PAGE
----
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Merging Commissions The Obvious Thing To Do

media release
Wednesday 10 December 2008

Merging Families And Children’s Commissions The Obvious Thing To Do

“In difficult economic times reducing costs and making the public service work as efficiently as possible must be a priority of Government. A merger between the Families and Children’s Commissions is one example of how this could be done,” says Greg Fleming, Maxim Institute’s CEO.

“Even more importantly merging the two agencies would result in higher quality work based on a more holistic understanding of people. Children only exist within the context of families. The very idea of a Children’s Commission, operating outside of the Families Commission, endorses an individualistic focus which ultimately undermines and weakens our view of relationships.”

“A Families Commission which encompassed the interests of the Children’s Commission could look at issues like child abuse in their full context, rather than over-simplifying them,” says Mr Fleming.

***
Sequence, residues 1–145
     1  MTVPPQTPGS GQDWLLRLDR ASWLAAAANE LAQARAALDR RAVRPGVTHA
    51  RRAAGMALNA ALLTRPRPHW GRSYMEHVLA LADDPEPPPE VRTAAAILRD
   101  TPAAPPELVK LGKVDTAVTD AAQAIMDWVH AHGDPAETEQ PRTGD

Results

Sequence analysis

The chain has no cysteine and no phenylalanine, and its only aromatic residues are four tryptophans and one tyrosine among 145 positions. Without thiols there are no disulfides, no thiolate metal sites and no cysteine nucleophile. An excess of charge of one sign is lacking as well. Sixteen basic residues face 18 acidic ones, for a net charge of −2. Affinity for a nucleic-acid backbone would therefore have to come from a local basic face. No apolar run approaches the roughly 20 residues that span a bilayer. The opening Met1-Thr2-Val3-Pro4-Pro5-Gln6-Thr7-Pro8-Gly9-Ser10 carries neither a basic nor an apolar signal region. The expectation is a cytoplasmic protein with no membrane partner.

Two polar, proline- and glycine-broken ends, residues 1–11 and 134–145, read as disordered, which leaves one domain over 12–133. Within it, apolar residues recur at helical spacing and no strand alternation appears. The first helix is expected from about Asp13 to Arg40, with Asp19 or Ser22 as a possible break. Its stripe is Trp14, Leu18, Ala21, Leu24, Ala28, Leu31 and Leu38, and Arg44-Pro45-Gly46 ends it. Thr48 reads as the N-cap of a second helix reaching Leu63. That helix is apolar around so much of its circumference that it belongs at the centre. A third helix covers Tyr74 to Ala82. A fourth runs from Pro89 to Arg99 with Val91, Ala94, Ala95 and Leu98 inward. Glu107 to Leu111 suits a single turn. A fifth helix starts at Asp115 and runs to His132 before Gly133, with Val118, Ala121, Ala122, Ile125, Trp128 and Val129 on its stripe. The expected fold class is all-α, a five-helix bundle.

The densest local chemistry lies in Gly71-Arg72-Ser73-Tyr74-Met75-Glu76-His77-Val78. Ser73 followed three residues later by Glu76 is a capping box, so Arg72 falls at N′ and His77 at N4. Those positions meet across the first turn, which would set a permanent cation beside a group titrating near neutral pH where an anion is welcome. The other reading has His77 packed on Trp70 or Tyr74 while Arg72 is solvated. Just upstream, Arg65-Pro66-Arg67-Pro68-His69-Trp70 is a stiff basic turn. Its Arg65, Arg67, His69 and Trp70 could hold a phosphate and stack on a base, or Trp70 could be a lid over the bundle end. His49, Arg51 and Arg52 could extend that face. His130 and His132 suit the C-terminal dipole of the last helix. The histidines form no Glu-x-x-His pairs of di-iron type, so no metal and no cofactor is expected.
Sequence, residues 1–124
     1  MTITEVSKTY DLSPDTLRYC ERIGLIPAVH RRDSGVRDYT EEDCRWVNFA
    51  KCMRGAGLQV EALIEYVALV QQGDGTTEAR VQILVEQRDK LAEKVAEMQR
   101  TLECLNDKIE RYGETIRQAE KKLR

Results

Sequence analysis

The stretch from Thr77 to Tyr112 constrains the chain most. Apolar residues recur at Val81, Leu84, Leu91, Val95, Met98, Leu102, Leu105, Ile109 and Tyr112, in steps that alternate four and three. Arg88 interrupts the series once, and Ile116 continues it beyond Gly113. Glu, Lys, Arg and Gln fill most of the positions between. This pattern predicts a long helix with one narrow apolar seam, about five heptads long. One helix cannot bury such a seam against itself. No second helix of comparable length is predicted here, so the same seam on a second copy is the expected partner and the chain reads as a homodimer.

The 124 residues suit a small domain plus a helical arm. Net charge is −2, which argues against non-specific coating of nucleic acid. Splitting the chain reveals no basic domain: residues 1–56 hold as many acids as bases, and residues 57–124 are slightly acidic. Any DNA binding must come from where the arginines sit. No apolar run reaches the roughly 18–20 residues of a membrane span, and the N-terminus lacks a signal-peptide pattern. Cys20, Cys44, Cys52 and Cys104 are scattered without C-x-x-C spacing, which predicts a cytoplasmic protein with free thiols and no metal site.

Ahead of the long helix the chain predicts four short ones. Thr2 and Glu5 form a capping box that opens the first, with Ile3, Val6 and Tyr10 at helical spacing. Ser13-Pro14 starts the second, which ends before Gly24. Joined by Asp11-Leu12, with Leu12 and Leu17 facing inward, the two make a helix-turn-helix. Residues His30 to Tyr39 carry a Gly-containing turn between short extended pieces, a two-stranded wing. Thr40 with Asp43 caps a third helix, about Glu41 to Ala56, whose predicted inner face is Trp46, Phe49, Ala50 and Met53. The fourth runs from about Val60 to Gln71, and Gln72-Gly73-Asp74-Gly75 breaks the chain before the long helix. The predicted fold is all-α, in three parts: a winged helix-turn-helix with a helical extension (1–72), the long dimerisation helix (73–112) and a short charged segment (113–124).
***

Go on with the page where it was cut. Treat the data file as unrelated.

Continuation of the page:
“The issues facing children are complex and always involve their broader family context. When we tackle these issues, which are affecting our society so deeply at the moment, we need to be able to ask questions like why are children who grow up without both their biological parents present so much more likely to be abused? What does this mean for how we prioritise strengthening and supporting families?”

“We need to be realistic about how hard many families are finding it at the moment and the added pressure financial hardship places on relationships—the impact on children when relationships fall apart can be devastating. Conversely being part of a strong and functioning family can be positive for children in a myriad of areas, from education to mental health. The possibility for a joint Commission to examine these issues in a more comprehensive way is an exciting one, which has the potential to benefit New Zealand enormously,” says Greg Fleming.


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